There has been a modest increase in the number of young people with possible mental illness seeking mental health care since the Patient Protection and Affordable Care Act (ACA) went into effect in 2010, though less than one-third of them are getting the help they need.
One of the provisions of the ACA allowed young people to remain on their parents’ insurance plan until they turned 26. In addition, mental health care is one of the many essential services that must be covered by all plans, according to the law.
Brendan Saloner, PhD, an assistant professor in the Department of Health Policy and Management, Johns Hopkins Bloomberg School of Public Health, in Baltimore, Maryland, and a colleague examined data from the National Survey on Drug Use and Health to determination whether utilization of mental health services changed post-ACA.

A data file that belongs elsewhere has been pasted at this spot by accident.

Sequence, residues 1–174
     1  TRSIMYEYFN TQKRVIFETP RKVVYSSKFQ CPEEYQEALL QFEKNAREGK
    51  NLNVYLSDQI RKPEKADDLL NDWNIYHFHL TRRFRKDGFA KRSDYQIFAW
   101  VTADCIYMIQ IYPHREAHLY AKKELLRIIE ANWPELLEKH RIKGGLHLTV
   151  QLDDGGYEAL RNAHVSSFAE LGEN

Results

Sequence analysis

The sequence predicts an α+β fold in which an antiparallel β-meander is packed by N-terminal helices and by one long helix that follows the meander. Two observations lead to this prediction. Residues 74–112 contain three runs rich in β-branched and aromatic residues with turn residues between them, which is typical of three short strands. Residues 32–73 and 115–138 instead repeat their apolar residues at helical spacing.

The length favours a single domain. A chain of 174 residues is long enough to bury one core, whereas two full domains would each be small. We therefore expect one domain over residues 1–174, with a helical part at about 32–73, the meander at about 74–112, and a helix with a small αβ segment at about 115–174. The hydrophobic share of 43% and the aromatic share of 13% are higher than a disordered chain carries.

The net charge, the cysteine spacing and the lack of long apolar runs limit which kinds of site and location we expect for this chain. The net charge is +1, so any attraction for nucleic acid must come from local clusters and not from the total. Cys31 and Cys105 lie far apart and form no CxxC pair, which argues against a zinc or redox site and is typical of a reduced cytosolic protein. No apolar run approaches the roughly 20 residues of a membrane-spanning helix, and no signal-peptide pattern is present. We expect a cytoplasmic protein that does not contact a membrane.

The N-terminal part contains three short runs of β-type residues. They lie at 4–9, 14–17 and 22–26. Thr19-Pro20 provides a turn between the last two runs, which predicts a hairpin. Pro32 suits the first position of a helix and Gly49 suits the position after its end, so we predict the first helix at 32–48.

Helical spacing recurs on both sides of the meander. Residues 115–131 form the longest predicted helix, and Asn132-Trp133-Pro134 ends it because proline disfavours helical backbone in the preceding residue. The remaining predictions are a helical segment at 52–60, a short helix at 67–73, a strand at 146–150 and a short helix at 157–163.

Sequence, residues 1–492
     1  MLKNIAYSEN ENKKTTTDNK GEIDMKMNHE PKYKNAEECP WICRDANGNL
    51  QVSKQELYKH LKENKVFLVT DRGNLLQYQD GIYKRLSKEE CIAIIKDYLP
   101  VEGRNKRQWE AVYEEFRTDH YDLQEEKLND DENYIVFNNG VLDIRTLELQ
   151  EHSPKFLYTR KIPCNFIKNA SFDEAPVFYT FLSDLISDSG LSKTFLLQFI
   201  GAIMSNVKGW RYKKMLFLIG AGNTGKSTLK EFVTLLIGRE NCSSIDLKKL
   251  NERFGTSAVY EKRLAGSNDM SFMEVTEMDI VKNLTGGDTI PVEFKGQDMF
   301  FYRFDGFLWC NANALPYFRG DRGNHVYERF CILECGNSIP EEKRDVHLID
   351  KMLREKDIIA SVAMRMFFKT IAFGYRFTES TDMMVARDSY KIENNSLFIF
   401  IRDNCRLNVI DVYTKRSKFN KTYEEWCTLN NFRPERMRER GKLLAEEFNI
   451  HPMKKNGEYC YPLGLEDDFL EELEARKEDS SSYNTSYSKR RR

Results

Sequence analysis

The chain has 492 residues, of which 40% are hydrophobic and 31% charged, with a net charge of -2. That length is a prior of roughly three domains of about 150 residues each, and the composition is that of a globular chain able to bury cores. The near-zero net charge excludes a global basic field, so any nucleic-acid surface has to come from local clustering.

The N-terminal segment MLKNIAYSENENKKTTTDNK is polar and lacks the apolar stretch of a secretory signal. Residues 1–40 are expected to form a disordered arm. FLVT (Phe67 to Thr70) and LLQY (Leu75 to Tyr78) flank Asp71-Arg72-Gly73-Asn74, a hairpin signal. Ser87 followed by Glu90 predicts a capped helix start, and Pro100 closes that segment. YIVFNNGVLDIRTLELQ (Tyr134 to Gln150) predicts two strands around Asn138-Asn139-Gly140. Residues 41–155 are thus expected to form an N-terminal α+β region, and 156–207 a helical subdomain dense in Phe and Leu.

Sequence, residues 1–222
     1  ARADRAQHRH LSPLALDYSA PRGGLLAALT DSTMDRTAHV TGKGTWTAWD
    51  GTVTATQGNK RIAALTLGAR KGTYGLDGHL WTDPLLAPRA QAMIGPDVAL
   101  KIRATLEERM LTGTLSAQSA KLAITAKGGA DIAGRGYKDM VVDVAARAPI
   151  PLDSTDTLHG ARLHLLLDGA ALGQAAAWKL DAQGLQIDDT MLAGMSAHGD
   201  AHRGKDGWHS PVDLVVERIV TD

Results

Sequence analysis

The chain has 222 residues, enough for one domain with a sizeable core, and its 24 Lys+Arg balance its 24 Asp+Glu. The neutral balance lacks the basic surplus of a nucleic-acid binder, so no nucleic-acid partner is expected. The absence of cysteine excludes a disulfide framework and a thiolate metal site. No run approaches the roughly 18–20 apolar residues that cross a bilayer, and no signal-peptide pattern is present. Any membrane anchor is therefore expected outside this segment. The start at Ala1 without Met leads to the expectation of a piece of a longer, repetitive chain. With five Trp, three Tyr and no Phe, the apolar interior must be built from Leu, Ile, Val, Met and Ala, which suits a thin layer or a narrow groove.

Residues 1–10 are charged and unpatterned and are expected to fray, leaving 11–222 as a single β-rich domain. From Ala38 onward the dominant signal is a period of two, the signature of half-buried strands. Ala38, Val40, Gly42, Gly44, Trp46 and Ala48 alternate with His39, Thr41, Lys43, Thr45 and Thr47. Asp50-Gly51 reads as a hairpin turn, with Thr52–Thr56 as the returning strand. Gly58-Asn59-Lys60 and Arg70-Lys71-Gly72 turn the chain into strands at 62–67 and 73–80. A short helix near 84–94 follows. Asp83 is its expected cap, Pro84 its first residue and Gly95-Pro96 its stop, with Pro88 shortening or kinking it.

After implementation of the parents’ plan provision, young people between 18 and 25 with possible mental health disorders, mental health treatment increased by 5.3% percentage points relative relative to a comparison group of similar people between the ages of 26 and 35, they reported in Health Affairs.
However, only about 32% of young people said they were getting help for mental treatment. Before 2010, that figure was 30%. And the number of young people getting treatment for substance abuse was unchanged after the implementation.
“It's important that young adults were able to maintain some modest improvement while treatment for older adults was going down,” Saloner told NPR. “The policy can be successful even if it only has a modest effect in improving access.”
Mental health issues like depression, anxiety, and substance abuse often start in adolescence, then peak in young adulthood. But for young people who don’t have steady jobs or stable paychecks, getting help can be tough.